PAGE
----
Sophie Brown

Sophie Brown
Sophie Brown

Sophie Brown

Parent

For YIS parent, Sophie Brown, Food Fair was her first introduction to YIS and her first impression still remains: community and fun. As Sophie explains, "we arrived to Japan the week before the YIS Food Fair two years ago. I knew about it before we got here because I was looking at the school website, and I thought, what a great opportunity to go see the school and to introduce the kids to the school. So we really started YIS with the Food Fair."

Although Japan is their first overseas posting as a family, Sophie has always embraced a wider worldview. "Many people had warned me about the roller coaster ups and downs of international postings, but for me it's really been a lot of pluses. I've always wanted to live abroad, so there's not too many minuses." Both Sophie and her husband were ready for international life. Sophie traveled widely as a young adult through Australia and the United States, living briefly in France to work at a ski resort. Her husband, Calum, was an expatriate himself, growing up in Malaysia and briefly attending international school before entering boarding school in Scotland.

The benefits of living outside your home country are clear to Sophie for their children, Hettie, in the ELC, and Noah, in grade 2. "The children get the opportunity to see the world as a bit of a smaller place. I like the attitude we've shared with our kids, that it doesn't worry you to take a job overseas, that it's quite natural to live outside your home country. Even if it's only a couple years of living abroad, they have this opened view of the world in their heads."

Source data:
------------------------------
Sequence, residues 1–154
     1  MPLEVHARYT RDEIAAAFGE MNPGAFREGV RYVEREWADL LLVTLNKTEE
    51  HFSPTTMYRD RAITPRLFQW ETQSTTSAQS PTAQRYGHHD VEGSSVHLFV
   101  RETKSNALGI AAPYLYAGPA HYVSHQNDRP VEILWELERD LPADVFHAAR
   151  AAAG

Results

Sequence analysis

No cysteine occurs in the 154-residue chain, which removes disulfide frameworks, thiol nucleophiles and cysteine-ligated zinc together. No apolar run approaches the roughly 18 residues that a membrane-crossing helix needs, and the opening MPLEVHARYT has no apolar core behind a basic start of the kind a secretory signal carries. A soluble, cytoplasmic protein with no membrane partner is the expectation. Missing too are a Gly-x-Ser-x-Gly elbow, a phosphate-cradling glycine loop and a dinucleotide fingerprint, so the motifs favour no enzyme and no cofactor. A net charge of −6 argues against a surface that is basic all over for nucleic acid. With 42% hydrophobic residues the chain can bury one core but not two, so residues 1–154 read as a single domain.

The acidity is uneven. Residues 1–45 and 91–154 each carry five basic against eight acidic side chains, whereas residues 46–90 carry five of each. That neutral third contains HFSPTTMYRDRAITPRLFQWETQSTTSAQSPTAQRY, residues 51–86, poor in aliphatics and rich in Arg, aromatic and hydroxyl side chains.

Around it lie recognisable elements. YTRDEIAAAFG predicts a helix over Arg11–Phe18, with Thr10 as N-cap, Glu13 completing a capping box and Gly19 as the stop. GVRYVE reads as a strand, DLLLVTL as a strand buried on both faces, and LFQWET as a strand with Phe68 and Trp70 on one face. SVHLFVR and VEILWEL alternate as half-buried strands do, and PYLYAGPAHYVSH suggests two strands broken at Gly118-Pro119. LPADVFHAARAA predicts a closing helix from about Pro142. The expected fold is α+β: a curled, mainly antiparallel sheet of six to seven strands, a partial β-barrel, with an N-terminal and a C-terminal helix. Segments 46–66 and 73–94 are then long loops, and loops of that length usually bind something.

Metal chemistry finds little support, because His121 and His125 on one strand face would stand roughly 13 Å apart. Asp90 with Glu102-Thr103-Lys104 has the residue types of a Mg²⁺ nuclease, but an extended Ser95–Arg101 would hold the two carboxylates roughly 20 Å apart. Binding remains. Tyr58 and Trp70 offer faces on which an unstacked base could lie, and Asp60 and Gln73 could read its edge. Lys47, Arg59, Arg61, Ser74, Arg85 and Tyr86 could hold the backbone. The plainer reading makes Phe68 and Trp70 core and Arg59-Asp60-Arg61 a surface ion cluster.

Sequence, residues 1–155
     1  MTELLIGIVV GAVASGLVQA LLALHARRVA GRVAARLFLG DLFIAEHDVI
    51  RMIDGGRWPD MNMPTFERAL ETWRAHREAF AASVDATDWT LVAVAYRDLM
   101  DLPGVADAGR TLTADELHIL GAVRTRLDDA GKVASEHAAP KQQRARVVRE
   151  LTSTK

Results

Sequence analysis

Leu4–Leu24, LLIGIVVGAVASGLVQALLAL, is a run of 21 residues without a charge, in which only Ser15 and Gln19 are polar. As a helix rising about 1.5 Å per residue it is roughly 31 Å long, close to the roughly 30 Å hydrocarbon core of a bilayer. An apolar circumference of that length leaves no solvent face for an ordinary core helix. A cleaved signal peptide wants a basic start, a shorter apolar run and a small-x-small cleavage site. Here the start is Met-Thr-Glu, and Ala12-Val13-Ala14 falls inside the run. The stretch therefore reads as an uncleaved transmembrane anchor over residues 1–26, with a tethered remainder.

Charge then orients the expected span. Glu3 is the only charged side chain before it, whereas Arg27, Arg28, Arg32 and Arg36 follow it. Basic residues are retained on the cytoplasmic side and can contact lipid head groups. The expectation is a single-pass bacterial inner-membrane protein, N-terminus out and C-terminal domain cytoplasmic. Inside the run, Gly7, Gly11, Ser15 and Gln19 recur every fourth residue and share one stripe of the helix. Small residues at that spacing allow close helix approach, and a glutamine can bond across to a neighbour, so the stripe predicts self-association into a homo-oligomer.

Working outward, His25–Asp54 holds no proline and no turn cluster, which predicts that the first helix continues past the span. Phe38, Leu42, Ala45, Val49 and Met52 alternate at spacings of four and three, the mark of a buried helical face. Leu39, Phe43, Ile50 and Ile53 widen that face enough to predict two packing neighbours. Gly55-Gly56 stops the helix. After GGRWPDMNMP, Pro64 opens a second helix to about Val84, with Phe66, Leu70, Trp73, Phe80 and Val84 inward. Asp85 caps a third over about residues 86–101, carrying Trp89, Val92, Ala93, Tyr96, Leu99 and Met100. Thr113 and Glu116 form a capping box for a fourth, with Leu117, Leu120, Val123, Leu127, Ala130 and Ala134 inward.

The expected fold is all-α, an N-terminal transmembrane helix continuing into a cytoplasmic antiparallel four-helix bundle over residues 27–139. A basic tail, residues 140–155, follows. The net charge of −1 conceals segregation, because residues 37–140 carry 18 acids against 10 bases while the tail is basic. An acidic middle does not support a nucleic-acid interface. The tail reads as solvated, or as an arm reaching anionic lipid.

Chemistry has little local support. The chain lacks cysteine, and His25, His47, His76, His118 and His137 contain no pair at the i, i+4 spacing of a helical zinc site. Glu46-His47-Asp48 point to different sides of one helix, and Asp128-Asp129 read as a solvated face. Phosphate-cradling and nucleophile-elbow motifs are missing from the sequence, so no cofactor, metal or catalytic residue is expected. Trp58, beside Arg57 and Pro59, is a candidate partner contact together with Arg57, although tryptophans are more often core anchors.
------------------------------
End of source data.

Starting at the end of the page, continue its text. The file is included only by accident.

In moving to Japan, Sophie left her work with internal communications at Warwickshire Council, her local government offices in Warwick, England. Considering the timing of their move, volunteering for Food Fair was natural. "It opened up my world when I got here. Just the idea of getting involved a bit more and having a purpose for my day, something where I could give a bit back to this community. Doing it again this year, I think I would have been a bit lost if I didn't; even with all the busy hours, there's such a great community around being a part of the Food Fair team."

Sophie encourages other parents to join the team. "The job is a lot more fun, the more people who are a part of it, and then the workload is lighter for everyone. We've really had a great response this year, a positive buzz around the school at the moment where parents do want to get involved, and Food Fair is such a good starting point. None of us know if we're going to be here or not, year to year; that's the nature of the beast, really, with international postings. But that's why it's so important to have many volunteers, so that for every aspect of Food Fair, from the carnival to the food stalls, more people will gain that bit of experience. For each following year, we can build on that experience. We can roll with it and enjoy it, because Food Fair is ultimately about fun for our community."



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